History and Community
Since its inception in 1950, Cornell's East Asia Program (EAP) has stood as the focal point for research, teaching, and outreach on East Asia. It serves as a campus-wide network of specialists devoted to the study of contemporary and historical East Asia, including the region's relationship to the U.S. Today, EAP draws its membership of 45 core faculty and 57 affiliated and associated faculty from 8 of Cornell's 12 schools and colleges, many of whom are prominent leaders in their scholarly fields.
East Asia Program Executive Structure
The East Asia Program is directed by a rotating three-year faculty director, selected from the EAP faculty. The director is assisted by a steering committee that is appointed annually.
- Jeremy Wallace East Asia program director; associate professor, government
John Whitman, professor, linguistics
- Eli Friedman, associate professor, ILR
- Andrew Campana, assistant professor, Asian studies
- Joshua Young, program manager, East Asia Program
- Ying Hua, associate professor, design and environmental analysis
- Jane-Marie Law, associate professor, Asian studies
Mengzheng Yao, Ph.D. candidate, Development Sociology
Zhen Cheng, Ph.D. candidate, Performing and Media Arts
Xuewen (Shelley) Yan, Ph.D. candidate, Sociology
All Cornell students are welcome to participate in EAP activities, but certain students become part of the EAP due to their course of study. At the undergraduate and master's degree levels, majors in Asian Studies with a concentration in East Asia are systematically added to EAP's email lists.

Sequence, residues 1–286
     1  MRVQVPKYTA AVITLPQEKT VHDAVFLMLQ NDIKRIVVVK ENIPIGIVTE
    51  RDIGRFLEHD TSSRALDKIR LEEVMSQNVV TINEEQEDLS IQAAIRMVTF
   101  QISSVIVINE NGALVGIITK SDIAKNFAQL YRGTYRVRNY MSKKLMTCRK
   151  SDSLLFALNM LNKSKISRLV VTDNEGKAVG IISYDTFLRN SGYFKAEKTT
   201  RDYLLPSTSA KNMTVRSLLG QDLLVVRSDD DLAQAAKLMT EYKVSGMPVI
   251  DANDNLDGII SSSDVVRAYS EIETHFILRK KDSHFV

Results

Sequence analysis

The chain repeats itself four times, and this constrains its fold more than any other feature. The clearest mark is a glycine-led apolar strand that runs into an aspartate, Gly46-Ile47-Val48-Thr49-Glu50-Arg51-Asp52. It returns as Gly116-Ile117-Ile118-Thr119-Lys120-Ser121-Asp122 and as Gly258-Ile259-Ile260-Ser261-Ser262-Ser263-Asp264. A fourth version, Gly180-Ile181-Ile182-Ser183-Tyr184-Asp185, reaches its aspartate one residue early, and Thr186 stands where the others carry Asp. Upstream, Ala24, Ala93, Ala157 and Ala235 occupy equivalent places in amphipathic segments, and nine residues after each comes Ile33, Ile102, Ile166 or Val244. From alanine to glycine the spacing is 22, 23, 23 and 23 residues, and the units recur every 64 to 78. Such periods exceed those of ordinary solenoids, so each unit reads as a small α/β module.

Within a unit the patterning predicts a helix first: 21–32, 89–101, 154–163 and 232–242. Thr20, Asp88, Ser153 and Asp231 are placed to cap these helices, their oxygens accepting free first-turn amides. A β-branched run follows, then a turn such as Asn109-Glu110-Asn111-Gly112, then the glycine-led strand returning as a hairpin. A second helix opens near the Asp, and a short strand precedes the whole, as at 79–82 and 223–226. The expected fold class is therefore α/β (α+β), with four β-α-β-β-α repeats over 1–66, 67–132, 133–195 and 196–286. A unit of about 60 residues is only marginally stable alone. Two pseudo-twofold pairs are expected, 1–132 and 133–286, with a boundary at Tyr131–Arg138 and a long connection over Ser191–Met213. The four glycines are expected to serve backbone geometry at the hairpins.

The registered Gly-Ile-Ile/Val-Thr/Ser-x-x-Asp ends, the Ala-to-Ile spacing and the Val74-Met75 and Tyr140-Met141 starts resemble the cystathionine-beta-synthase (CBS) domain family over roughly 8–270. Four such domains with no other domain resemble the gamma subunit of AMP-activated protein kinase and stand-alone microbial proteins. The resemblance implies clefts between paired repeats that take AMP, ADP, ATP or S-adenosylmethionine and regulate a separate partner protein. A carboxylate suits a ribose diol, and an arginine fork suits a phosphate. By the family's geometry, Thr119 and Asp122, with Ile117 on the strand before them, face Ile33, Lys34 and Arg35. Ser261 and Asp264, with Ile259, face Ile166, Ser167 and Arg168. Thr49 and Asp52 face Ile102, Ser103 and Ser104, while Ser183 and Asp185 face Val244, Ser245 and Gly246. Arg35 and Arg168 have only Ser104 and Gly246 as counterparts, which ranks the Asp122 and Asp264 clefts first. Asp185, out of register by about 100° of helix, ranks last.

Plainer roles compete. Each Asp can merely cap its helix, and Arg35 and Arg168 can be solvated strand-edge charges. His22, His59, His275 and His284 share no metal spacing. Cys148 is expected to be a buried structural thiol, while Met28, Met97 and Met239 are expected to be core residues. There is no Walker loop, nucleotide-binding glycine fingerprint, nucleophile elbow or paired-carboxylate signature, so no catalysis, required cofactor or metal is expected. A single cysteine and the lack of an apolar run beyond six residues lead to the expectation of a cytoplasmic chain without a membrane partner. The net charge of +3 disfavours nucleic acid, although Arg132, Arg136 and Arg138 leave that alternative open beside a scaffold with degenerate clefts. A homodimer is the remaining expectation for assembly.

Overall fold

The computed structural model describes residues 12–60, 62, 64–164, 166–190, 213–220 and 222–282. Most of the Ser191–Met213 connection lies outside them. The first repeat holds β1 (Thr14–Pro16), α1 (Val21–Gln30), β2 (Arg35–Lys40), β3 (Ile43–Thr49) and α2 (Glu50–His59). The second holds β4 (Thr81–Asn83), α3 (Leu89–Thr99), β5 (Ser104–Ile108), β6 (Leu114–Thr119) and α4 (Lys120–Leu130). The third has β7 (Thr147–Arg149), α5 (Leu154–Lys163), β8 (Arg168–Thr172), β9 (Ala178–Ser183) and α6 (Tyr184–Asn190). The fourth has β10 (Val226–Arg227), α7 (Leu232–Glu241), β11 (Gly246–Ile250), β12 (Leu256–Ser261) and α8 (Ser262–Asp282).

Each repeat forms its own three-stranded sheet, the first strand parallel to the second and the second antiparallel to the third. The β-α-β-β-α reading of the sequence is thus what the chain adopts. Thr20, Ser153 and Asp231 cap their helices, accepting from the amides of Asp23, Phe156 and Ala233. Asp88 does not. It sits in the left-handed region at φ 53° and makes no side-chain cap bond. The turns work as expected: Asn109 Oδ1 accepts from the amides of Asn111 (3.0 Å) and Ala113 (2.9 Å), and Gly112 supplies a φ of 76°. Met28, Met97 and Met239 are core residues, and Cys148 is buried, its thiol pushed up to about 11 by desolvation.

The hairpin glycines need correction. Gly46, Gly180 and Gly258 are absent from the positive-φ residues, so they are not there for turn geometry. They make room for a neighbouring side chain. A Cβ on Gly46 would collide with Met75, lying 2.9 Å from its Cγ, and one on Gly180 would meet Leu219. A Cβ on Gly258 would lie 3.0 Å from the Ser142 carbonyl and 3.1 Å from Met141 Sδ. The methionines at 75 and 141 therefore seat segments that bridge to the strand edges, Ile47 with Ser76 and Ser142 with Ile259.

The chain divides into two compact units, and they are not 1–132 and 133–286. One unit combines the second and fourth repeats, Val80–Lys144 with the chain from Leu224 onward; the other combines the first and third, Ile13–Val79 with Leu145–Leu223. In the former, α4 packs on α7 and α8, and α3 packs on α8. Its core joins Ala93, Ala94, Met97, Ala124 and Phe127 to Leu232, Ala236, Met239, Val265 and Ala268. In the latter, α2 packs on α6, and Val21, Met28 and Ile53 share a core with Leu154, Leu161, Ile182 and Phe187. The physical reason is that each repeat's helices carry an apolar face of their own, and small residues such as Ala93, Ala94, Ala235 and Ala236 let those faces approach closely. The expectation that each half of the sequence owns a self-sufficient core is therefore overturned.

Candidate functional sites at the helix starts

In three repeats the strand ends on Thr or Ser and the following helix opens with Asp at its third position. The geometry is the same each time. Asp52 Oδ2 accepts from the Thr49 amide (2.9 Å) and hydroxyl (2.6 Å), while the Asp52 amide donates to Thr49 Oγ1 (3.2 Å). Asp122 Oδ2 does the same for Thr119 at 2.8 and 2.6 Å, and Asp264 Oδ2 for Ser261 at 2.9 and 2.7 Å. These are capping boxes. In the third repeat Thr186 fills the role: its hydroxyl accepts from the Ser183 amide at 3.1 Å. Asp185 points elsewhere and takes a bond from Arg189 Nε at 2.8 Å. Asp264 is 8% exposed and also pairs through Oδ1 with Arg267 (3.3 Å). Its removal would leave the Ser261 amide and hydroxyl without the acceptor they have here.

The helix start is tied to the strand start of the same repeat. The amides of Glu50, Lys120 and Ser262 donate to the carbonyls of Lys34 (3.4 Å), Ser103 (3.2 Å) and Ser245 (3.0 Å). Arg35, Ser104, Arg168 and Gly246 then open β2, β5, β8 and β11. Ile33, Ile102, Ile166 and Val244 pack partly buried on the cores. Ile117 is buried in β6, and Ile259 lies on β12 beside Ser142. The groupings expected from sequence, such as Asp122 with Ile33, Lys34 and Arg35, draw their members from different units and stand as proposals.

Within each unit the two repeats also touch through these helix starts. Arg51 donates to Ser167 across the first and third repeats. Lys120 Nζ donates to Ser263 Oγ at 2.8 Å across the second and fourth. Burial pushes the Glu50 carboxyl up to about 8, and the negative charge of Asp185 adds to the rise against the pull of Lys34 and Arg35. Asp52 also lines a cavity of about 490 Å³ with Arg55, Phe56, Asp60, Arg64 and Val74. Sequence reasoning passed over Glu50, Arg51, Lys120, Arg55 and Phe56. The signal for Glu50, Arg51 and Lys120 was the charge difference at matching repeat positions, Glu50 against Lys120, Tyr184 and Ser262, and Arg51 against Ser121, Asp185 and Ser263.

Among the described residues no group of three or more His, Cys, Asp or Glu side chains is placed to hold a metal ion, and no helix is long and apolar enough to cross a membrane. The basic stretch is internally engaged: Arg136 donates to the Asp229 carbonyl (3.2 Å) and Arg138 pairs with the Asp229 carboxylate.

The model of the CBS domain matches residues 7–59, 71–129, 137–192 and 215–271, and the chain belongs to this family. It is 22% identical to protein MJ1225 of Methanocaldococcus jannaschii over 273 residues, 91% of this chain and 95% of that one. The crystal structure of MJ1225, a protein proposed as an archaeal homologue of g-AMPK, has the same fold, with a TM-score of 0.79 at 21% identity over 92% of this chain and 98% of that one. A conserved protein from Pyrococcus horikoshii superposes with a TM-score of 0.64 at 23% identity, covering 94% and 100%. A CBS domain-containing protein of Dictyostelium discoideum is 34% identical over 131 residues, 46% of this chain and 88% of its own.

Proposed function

The EAP Graduate Student Steering Committee provides networking opportunities for graduate students and represents graduate student interests and concerns within the program.
Research and teach primarily in East Asian studies
- Serve on EAP committees
- Invite guest speakers or host workshops, conferences, and symposia
- Primary investigators on sponsored projects through the EAP
- Other collaborative academic work coordinated through EAP
Associated faculty are faculty both at Cornell and at other universities who occasionally collaborate with the East Asia Program and make up a large network of scholars with professional interests in East Asia.
Visiting scholars are scholars of East Asian studies who spend a limited residency at Cornell to pursue their research and work with EAP faculty and students. Most EAP visiting scholars come from countries in East Asia and spend nine to twelve months at Cornell. Visiting scholars must have a faculty host who is an EAP core faculty member.